2017 Erik Kempe Award: Mads GREAKER and Kristoffer MIDTTØMME

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Mads GreakerKristoffer MidttommeThe 2017 Erik Kempe Award has been given to
Mads GREAKER and Kristoffer MIDTTØMME
for their article
Optimal Environmental Policy with Network Effects: Will Pigouvian Taxation Lead to Excess Inertia?
Journal of Public Economics 143, 27-38, 2016


Abstract. We study the diffusion of a clean substitute to a dirty durable in a dynamic model. Consumer utility of both durables increases in their respective market shares due to network effects.
First, we characterize the optimal dirty good tax. The tax should achieve a long run optimal division of the market between the two goods. Along the transition path to this steady state the optimal tax depends on the current and future market shares of the clean durable. Thus, even if the marginal environmental damage from an additional dirty durable is constant, the optimal tax should not be constant.
Second, we study whether excess inertia can occur if the emission tax is not optimally set. We then find that a constant tax that only accounts for the environmental damage caused by the dirty good may lead to excess inertia. Excess inertia could happen even if the clean technology is proprietary, and the technology owner has incentives to sponsor the initial market diffusion of the technology.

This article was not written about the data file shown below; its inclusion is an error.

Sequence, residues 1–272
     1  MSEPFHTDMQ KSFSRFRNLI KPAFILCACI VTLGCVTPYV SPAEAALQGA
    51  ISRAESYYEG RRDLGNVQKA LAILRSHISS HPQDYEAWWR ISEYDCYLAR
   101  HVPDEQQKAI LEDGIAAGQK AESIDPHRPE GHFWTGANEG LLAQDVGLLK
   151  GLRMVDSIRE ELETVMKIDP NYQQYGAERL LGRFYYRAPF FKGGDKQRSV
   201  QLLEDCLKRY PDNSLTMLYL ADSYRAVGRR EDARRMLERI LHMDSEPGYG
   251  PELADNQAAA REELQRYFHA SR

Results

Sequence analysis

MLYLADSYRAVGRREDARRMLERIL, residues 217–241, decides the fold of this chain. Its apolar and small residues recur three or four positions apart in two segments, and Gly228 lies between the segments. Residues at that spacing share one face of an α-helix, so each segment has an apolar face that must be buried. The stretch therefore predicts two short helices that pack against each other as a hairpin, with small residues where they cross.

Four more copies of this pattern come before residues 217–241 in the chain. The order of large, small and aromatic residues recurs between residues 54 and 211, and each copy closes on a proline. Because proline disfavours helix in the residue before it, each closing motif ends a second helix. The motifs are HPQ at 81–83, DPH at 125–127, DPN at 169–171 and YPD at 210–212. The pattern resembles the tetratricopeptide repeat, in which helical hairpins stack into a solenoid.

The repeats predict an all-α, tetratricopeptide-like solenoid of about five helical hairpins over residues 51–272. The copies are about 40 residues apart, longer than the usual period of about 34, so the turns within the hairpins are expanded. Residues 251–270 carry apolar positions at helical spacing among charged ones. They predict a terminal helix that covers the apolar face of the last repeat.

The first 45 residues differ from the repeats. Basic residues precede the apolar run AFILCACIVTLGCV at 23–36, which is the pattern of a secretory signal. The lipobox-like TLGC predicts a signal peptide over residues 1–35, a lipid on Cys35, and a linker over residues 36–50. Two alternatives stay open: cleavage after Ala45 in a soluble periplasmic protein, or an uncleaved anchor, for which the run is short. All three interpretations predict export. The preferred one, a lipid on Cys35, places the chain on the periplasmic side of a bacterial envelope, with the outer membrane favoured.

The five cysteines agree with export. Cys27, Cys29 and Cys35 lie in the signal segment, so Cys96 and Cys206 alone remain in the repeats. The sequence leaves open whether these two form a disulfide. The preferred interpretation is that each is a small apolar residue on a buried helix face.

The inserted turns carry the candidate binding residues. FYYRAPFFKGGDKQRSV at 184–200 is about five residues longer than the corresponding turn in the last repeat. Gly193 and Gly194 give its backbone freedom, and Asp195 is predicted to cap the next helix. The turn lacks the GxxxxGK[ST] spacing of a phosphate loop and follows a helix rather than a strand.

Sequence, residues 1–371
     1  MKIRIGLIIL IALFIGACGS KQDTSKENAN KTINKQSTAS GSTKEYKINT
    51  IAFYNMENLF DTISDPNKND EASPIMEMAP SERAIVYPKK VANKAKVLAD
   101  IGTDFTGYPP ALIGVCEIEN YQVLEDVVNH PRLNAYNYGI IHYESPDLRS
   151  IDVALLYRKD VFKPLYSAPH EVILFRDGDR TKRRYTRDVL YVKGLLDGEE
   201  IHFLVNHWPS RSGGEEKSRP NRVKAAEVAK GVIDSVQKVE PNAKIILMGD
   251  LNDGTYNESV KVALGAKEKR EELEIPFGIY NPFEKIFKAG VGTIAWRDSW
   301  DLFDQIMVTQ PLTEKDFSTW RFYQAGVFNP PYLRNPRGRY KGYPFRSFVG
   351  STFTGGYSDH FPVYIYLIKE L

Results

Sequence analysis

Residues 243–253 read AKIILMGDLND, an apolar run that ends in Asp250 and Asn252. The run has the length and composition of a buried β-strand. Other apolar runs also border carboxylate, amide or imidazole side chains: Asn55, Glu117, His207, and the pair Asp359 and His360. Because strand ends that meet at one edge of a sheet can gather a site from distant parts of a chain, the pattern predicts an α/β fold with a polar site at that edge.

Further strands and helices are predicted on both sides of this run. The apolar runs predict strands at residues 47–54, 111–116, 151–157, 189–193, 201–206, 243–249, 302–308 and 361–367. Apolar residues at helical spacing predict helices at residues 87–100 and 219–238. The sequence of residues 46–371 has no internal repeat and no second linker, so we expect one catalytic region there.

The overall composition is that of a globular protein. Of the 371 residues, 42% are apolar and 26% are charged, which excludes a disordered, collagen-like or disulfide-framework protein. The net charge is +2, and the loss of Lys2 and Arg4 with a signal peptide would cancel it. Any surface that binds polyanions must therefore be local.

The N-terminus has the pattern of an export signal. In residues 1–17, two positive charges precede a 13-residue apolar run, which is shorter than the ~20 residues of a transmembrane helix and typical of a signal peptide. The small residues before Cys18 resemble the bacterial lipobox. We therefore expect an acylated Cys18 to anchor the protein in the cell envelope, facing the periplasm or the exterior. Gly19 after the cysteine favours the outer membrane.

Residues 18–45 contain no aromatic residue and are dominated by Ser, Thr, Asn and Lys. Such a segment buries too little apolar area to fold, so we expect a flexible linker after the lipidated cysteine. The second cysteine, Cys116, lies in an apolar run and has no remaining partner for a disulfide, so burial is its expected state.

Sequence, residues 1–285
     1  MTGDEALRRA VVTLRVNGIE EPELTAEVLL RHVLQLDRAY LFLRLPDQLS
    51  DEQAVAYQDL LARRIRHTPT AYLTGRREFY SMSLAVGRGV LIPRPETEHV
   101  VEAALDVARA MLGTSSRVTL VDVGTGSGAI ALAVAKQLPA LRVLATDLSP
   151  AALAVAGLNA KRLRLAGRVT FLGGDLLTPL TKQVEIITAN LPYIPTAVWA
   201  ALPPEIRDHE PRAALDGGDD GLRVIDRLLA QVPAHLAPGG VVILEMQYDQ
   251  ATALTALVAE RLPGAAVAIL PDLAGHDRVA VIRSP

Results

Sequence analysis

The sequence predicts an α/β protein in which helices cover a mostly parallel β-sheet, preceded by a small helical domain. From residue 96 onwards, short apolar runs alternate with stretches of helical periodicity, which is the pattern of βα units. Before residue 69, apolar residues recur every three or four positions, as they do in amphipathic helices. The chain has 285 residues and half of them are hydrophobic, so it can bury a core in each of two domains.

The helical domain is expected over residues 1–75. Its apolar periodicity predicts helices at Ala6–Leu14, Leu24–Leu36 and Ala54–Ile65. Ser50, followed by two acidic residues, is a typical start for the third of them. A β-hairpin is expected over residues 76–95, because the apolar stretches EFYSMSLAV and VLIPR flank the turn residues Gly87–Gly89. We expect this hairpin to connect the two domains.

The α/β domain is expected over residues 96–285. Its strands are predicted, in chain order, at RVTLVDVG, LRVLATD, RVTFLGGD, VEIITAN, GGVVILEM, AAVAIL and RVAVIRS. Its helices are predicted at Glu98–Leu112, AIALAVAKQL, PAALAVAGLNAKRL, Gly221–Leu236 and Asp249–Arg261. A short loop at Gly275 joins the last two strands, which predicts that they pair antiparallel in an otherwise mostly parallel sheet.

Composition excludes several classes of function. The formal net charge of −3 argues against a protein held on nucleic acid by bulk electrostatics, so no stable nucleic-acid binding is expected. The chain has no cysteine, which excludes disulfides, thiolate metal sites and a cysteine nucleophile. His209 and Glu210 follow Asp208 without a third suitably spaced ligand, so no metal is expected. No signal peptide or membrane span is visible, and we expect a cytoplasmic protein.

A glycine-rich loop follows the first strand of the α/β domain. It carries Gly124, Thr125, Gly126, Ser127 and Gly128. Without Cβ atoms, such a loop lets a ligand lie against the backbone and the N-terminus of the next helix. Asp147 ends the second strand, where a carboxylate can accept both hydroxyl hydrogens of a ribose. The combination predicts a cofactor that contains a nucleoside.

The Nomination Committee, composed by Thomas Aronsson (chair), Christa Brunnschweiler and Ulrich J. Wagner, has awarded this paper for the following motivation:

Mads Greaker and Kristoffer Midttømme receive the Erik Kempe Award for a novel and insightful contribution to the literature on environmental tax policy, which focuses on economies with network goods. They characterize the optimal tax on an externality-generating good in this environment. They also show, by means of numerical simulations that are calibrated to the adoption of electric vehicles in Norway, that network effects may temporarily motivate much higher taxes than suggested by standard Pigouvian formulas, and that suboptimal tax policies neglecting these network effects may hinder the diffusion of clean substitutes for the dirty technology. As such, Greaker and Midttømme have contributed to the academic literature by examining optimal taxation of externality-generating goods in a novel and arguably important setting, and by addressing a timely policy problem of clear practical relevance.

 

 

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